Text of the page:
How Going to College Improved my Relationship with my Parents

A couple of weeks ago, I got a text from my dad. It was a picture of a container of sliced persimmons, one of my favorite fruits. My family has a persimmon tree in our backyard that’s usually polka-dotted with crisp orange fruits during this time of the year. My dad always lets me know whenever the tree is in full bloom because he knows how much I love the fruit. And when that happens, I can usually expect to come home to a refrigerated container of permissions courtesy of him. 

So as I sped down Comm Ave. in order to make it in time for my next class, I felt extremely sentimental because darn, did I miss home and those persimmons. And almost as if God heard my hungry prayers, the picture was followed up with a text that read:

Suddenly my eyes welled up with tears, and as I struggled to keep the waterworks in control I replied, “Sure!”. Now it may seem stupid to want to cry over cut-up fruit, but a year ago I wouldn’t have batted an eyelash to this. In fact, I probably would’ve been happy that I wasn’t at home. 

Like the majority of people, my relationship with my parents has never been perfect. It’s had its fair share of highs and extreme lows, especially throughout high school and my Freshman gap semester. I constantly felt suffocated by the responsibilities my mom and dad projected onto me and this led me to intentionally distance myself from them. Over summer breaks, I would have to help my mom with running the family business of owning a facility for the elderly while my brothers could meet with their friends whenever they pleased.

Over winter breaks, I had to help my mom organize yearly taxes and couldn’t go out until they were finished. And even after I graduated high school, I wasn’t allowed to sleepover at a friend's house even if they were just down the street. I often struggled to effectively communicate with my parents because I feared voicing my opinion would be seen as being ungrateful or disrespectful. The few times I did often lead to heated arguments and little to no closure. As I left for college, our relationship remained strained and I saw being away from them as a period of freedom in my life.

I remember during my first month at BU, my mom called to lecture me since I hadn’t been calling as frequently as she liked. She told me that I was selfish and that I ought to be ashamed that I wasn’t contacting her since going to college. She said I just thought that I no longer needed my family and that when I did eventually need them, they wouldn’t be there for me because I was mistreating her right now. I was annoyed. No one likes to be lectured over the phone (much less with your new college roommate across the room overhearing you get your ear chewed off by your angry mom) but then I realized she was kind of right.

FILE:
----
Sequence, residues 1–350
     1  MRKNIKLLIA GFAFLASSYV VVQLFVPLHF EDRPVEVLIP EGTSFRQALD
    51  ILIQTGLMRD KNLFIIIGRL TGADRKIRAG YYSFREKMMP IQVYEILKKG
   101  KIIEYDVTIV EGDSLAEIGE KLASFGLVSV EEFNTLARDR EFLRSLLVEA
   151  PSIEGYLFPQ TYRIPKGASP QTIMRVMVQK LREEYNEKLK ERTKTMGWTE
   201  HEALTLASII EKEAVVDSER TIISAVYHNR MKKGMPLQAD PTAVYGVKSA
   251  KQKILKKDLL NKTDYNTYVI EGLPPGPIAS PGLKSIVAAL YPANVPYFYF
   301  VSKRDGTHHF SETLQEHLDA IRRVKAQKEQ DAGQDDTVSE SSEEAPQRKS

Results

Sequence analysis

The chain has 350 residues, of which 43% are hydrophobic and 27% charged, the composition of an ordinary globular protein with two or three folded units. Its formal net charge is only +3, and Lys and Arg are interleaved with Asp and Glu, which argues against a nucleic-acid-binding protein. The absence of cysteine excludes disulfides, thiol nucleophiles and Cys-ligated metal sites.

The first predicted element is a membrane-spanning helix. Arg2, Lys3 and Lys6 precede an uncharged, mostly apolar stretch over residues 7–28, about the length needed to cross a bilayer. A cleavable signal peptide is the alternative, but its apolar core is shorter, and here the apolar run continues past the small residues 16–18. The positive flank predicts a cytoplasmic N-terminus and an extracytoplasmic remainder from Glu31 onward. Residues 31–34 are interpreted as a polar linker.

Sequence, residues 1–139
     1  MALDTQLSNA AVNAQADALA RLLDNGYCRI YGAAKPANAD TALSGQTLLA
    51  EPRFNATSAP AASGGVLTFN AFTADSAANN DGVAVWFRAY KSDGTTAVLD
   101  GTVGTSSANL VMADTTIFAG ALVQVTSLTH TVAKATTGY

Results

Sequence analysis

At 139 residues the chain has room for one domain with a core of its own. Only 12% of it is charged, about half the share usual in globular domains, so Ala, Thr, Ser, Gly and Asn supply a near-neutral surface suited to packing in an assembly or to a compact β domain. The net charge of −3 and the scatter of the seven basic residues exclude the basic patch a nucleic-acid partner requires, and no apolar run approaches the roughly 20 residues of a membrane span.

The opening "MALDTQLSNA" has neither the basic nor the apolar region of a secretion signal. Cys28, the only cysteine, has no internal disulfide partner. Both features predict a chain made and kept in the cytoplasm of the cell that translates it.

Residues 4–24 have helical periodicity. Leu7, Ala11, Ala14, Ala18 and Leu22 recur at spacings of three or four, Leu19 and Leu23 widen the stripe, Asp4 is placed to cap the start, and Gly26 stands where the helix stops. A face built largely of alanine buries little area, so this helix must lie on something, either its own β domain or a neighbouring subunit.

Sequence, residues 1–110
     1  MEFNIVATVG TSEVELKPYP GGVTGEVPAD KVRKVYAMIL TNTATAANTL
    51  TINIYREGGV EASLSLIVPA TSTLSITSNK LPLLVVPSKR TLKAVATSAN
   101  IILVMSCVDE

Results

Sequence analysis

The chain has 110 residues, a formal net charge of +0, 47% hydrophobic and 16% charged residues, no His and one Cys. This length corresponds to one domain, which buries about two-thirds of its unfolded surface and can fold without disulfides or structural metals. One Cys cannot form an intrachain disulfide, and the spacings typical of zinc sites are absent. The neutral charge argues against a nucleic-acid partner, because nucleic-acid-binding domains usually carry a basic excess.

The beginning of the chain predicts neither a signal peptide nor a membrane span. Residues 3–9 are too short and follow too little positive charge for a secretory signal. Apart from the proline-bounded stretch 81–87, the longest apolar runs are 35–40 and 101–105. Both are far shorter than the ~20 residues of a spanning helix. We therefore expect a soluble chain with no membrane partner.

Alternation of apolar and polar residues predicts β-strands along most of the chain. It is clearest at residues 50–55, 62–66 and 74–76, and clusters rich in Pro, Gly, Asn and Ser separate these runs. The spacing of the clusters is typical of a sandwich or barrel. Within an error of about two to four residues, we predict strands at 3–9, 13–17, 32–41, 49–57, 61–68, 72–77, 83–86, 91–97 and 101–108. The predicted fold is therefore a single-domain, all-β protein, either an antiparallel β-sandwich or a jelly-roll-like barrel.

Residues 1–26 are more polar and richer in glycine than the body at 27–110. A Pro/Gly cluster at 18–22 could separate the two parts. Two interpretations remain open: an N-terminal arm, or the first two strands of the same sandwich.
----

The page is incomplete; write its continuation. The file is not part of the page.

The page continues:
As the school year continued, I took notice of how the dynamic with my parents began to change. The multitude of responsibilities that were once piled on me was gone and my absence from the household allowed my parents to depend on my other siblings to get chores done. The constant tension that used to linger due to adolescent matters dissipated as I learned to grow independently in college. I also came to appreciate everything my parents did for me. Things like the smell of homemade Filipino food being prepared for dinner or cut up persimmons in the fridge became a luxury I was deprived of in Boston. Fast forward to the following school year when a package of 20 persimmons arrives at my dorm.

Image Credit: Tavi 

It’s the little things (like the fact that each fruit was individually wrapped with newspapers to prevent them from bruising) that remind me that in a funny way, living across the country allowed me to close the distance in my relationship with my parents. 

 

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